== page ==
by Gawain TowlerMay 6, 2021
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Crashing through the dour dark times of Covid, the lockdown, state control and the long shadow of BLM, the British have woken to something that could not give them more joy. The prospect of war with France.
Yesterday Boris Johnson, the Prime Minister, sent two (small) warships, HMS Tamar and HMS Severn to defend the Island of Jersey from the French who, for the first time since 1805, are attempting to blockade a UK port. In retaliation, President Macron has ordered two of theirs, one delightfully named after a Musketeer, the Athos, to protect French interests. Just pause and think about this, the French are sending military vessels into UK territorial water in a hostile fashion. The French, you know, NATO allies, are now behaving like a rogue state.
Well sort of, the Channel Islands are themselves a splendid anomaly. They are not part of England, Great Britain, or the United Kingdom. Instead, they are the last remaining part of the Duchy of Normandy, which have been part of the monarchy’s private holding since 1066. To this day at official functions, islanders raise the loyal toast to ‘The Duke of Normandy, our Queen’.
But for most people here on the mainland it must be understood that if we must go to war with anybody, well it’s obvious who we would choose isn’t it. The French.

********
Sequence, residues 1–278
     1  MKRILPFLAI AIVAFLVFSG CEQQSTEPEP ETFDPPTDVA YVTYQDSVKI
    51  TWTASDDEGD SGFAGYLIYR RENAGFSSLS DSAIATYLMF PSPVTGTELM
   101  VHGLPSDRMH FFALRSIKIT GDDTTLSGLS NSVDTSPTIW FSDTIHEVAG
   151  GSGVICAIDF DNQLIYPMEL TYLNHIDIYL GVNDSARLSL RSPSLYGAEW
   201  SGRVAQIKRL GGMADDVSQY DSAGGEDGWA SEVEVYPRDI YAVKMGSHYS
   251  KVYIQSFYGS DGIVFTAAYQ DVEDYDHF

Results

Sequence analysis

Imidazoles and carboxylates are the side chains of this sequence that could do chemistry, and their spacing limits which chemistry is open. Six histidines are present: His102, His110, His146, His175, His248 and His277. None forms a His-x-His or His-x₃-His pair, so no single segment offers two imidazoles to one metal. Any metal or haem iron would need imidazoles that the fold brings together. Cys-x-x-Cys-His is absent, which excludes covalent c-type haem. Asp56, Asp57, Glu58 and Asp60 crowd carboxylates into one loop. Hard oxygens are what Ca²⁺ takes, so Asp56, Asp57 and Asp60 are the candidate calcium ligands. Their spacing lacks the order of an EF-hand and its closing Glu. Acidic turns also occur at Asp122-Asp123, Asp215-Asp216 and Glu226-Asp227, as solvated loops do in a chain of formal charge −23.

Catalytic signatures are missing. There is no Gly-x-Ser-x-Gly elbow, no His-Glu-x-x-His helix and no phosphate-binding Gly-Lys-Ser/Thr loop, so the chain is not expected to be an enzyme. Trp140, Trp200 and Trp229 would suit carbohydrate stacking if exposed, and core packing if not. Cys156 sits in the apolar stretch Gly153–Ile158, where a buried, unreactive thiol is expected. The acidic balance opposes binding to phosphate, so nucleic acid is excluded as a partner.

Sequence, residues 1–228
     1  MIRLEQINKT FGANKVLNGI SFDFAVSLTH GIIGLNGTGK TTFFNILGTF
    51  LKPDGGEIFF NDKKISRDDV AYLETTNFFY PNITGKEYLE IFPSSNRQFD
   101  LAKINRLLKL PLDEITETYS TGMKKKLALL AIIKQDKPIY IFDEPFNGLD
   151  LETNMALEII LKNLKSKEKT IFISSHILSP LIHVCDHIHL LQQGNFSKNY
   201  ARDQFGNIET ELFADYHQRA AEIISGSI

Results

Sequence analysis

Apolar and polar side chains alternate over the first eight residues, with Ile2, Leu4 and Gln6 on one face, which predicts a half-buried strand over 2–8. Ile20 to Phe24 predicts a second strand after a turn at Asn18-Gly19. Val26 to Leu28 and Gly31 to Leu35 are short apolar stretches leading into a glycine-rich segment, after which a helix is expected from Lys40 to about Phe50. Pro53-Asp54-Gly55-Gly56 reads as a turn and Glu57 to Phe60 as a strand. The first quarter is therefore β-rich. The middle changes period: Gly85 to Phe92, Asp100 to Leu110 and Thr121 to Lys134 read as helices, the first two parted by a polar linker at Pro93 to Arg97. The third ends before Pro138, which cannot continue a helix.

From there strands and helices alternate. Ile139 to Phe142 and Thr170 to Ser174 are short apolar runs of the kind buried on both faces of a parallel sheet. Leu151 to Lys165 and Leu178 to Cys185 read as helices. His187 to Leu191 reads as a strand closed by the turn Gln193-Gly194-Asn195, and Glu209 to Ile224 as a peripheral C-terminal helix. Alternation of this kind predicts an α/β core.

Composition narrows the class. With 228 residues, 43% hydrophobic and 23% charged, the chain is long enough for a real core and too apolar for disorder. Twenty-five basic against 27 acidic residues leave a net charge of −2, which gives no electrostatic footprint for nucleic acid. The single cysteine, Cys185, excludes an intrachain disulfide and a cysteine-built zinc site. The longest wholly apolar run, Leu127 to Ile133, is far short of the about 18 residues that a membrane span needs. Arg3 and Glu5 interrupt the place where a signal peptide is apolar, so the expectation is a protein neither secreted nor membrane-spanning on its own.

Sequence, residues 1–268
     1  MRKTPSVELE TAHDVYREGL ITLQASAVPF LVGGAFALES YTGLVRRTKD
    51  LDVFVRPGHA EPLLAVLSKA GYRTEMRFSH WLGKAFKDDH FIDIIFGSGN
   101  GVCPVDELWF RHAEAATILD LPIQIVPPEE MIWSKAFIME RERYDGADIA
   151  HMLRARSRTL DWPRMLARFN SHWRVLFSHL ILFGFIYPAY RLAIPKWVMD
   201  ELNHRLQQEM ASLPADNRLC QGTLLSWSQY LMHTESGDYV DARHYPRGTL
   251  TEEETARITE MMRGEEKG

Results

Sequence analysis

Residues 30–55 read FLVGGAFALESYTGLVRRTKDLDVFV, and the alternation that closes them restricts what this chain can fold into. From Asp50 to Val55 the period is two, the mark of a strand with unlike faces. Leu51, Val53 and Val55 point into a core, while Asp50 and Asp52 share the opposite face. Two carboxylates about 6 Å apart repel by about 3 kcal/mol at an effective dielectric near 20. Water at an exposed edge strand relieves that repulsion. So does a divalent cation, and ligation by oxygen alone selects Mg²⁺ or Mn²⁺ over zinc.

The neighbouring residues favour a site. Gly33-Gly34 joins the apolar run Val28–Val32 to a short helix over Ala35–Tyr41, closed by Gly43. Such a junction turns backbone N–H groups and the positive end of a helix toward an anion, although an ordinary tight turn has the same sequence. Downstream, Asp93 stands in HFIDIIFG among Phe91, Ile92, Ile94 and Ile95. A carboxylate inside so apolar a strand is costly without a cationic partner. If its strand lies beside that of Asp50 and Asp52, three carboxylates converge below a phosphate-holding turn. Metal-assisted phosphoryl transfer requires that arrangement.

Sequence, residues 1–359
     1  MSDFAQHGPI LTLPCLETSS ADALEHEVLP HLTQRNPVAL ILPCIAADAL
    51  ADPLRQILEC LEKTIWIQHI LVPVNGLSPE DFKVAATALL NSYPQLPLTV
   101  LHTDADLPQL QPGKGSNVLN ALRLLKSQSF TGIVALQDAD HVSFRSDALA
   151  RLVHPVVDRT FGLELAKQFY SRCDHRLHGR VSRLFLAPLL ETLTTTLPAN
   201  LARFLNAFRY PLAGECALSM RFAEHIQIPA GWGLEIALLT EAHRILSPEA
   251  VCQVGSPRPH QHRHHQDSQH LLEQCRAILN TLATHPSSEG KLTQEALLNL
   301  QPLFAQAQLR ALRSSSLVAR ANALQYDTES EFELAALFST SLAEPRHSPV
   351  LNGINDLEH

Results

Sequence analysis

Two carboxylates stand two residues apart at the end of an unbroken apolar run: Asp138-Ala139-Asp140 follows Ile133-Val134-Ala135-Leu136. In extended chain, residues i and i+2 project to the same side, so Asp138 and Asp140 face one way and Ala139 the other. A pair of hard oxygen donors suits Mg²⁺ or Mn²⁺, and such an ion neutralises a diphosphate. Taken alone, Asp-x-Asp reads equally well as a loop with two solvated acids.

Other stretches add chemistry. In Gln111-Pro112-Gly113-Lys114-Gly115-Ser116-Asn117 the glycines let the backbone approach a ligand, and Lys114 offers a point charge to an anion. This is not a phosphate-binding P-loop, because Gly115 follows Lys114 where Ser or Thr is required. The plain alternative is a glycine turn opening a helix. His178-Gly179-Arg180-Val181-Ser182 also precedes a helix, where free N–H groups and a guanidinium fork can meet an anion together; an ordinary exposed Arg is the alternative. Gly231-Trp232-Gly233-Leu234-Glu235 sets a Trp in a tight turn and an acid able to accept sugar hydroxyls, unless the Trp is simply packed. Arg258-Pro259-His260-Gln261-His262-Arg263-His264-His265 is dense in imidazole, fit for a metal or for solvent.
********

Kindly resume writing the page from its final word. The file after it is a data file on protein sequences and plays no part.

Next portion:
Yes, we had to fight the German’s a couple of times in the last century, what with the holocaust, the arrogance, the uniforms, and the pointy hats, but that was out of necessity, not pleasure. War with France, now that is pleasure personified. We have not had a chance really since 1815 (I don’t count attacking the French fleet at Mers-el-Kebir in 1940, as we were doing on behalf of the Free French at the time).
I can count over 30 wars between England and France over the centuries and will admit that we have not always won. It would be no fun if one side always wins. If the local derby game only has one winner, interest will inevitably flag. Precedent however is good. After a particular low point for the Royal Navy at the Battle of the Chesapeake between 1793 and 1812, the French Navy lost 377 ships to the British, while the British lost 10 ships. Back to the present.
Yes, the whole thing is utterly risible, and nobody is taking it seriously. But the utterly crazy thing is that it is happening at all.
This in many ways has its roots in Brexit, or at least the way that British fishing interests were sold out in 1974 when we joined the then European Economic Community. As part of the secret deal our then Prime minister gave up our exclusive rights to our own waters, as an under the table bribe. Since then, the fishing industry has been in a prolonged freefall with less than half the number of fishermen employed today as there were before we joined. Post Brexit it is up to the UK, and in the case of the Channel Islands, it is under their sole discretion who is, and who is not, allowed to fish in their waters.